More than $1.2 trillion has been redeemed from equity mutual funds since September 2008, and retail outflows year-to-date through September have surpassed $89 billion-on pace to be greater than all of the money that fled mutual funds in 2008, said Ron O'Hanley, president of asset management and corporate services at Fidelity Investments.
O'Hanley made the observation in a keynote speech titled "Where Are Thou, Equities?" at Fund Forum USA's Global Funds Distribution Summit in Boston.
"What has happened to equities?" O'Hanley asked. Two major factors: "First, the flight from equities has become both a cyclical and a secular trend. Second, tomorrow's requirements for investment results will differ significantly from past success factors."
Endowments have led the institutional move from equities, O'Hanley pointed out. In 1996, 45% of endowments' portfolios were allocated to equities. Today, that's 15%. Likewise, "among 63% of pension managers, risk avoidance has become more important than returns, with 23% making no change to their portfolios and only 14% seeking higher risk," O'Hanley said.
"Institutions are looking to immunize or de-risk their portfolios-and plan to continue moving away from U.S. equities," he said. In fact, the most recent annual survey by Fidelity's Pyramis institutional unit found that 91% of public institutions want more downside protection. "What is facing equities is something that is quite extraordinary. Up until 2007, flows always followed performance."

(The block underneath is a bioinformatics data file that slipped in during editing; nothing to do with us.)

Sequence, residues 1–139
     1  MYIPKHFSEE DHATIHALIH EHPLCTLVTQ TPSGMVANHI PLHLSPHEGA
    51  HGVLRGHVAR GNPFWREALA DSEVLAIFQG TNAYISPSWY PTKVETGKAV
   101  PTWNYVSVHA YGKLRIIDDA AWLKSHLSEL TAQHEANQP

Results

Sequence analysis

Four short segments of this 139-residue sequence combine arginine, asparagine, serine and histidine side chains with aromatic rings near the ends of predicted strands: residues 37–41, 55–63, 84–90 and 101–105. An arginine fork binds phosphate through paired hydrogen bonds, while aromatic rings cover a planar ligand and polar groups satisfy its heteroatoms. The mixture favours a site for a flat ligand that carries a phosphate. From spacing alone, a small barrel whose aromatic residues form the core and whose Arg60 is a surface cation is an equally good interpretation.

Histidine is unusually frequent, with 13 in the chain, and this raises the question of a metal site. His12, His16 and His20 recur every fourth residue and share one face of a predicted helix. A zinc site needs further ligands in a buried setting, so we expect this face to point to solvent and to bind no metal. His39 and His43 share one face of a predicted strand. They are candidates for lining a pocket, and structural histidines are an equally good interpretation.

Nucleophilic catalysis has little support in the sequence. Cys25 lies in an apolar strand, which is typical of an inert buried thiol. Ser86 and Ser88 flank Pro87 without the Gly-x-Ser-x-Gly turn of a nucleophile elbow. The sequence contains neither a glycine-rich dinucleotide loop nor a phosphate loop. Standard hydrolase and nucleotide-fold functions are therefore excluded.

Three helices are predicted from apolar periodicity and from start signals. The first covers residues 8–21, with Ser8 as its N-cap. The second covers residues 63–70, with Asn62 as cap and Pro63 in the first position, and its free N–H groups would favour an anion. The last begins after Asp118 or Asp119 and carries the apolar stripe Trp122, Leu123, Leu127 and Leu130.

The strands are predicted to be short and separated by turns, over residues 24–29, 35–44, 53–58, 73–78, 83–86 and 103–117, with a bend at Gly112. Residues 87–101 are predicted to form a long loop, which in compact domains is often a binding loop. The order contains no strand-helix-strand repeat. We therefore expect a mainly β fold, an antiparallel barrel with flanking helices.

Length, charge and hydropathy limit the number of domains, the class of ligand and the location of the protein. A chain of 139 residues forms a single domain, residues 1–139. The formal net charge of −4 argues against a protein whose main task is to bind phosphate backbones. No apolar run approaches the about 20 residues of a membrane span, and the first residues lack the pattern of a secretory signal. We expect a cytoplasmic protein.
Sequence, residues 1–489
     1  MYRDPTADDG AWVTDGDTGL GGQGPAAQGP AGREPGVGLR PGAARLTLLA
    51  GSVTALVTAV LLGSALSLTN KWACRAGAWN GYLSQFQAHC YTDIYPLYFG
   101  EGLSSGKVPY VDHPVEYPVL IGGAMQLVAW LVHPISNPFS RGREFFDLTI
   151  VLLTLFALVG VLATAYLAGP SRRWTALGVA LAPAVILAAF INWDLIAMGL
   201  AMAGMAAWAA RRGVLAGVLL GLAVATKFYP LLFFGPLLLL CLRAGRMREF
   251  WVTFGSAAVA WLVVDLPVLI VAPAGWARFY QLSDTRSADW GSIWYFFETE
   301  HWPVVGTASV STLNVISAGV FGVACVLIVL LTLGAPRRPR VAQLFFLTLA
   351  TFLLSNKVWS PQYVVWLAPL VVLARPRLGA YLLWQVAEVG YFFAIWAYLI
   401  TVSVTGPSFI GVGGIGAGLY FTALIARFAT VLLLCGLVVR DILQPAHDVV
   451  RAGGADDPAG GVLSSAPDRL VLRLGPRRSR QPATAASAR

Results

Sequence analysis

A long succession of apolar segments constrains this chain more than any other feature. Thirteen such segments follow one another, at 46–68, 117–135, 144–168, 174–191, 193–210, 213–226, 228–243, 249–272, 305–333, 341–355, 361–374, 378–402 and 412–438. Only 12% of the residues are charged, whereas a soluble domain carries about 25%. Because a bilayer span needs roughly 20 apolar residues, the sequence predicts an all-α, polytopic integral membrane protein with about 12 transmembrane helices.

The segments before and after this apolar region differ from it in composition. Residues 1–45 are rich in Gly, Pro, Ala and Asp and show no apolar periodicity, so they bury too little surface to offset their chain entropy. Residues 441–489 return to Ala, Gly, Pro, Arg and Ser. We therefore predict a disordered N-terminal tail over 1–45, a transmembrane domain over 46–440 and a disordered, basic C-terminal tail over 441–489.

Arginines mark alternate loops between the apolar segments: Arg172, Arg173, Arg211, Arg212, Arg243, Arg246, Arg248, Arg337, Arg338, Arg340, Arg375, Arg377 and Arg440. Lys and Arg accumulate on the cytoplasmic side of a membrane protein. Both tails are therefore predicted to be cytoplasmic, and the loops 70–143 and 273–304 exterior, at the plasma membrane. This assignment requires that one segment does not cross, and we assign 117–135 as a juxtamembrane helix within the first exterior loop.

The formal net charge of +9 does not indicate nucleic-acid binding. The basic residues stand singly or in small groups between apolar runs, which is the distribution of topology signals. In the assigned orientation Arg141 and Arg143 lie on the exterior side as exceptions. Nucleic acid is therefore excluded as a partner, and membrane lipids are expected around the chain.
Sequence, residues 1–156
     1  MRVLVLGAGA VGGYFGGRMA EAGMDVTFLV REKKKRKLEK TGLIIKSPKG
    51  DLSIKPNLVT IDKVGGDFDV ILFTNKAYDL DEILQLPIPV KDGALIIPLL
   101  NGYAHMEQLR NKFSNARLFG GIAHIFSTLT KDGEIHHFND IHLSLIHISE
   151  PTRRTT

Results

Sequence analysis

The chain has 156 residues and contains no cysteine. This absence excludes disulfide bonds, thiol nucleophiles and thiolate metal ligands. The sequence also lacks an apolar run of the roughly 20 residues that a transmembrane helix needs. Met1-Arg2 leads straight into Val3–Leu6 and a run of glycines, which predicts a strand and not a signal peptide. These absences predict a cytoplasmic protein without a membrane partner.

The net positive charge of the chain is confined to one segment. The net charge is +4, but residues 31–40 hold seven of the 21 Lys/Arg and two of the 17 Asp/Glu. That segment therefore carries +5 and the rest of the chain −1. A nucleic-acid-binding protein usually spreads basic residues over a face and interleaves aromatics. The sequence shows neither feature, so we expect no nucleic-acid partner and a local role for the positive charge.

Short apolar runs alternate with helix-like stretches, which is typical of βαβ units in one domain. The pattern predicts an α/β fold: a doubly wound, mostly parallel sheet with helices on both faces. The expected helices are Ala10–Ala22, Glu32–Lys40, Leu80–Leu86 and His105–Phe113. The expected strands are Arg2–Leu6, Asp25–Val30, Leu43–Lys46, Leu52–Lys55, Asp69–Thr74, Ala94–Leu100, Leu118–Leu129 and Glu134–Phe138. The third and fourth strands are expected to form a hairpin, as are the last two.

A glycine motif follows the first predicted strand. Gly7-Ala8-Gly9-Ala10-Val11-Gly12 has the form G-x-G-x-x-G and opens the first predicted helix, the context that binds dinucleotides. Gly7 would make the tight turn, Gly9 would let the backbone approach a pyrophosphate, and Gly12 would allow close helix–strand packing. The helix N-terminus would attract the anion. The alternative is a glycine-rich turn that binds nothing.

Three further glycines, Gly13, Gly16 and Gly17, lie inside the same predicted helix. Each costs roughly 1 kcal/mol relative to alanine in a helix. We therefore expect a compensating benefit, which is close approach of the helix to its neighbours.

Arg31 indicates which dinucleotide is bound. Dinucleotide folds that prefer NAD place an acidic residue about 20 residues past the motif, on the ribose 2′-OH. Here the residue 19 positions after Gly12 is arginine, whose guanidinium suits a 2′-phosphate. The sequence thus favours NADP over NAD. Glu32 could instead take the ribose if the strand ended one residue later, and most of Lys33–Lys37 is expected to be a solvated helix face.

Analyzing why investors are paralyzed in the face of risk, however, the aversion to U.S. stock funds makes sense, O'Hanley said. Retail investors have become highly sensitized to political and monetary influences over the economy. Most are also close to retirement and cannot stomach another big hit to their life savings.
Retirement Assets, at $11T, Just Above 2007 Peak
U.S. households held $10.7 trillion in retirement assets at the end of 2010, Hearts & Wallets said, culling information from the Federal Reserve Flow of Funds and U.S. Census data. This is just above the previous high of $10.5 trillion reached in 2007, and a big climb from the $2.4 trillion loss in retirement assets in the crash of 2008, when these assets fell to $8.1 trillion.
Total U.S. household investable assets totaled $30.2 trillion at year-end, with $19.5 trillion of that money in taxable assets.
Of the approximately 120 million households with savings, about 30 million, or 25%, have as least $100,000 in investable assets. Conversely, 90 million households, or three-quarters, have not reached this milestone, up from 82 million in 2007.
BlackRock Bond Chief Talks Up Equity Funds
BlackRock Managing Director and Fixed Income CIO Rick Rieder tolf the Schwab Impact conference equities are a better value than fixed income over the long term. Still, there are some early signs of a return economic health that could ultimately lift fixed income along with the overall economy, Rieder said.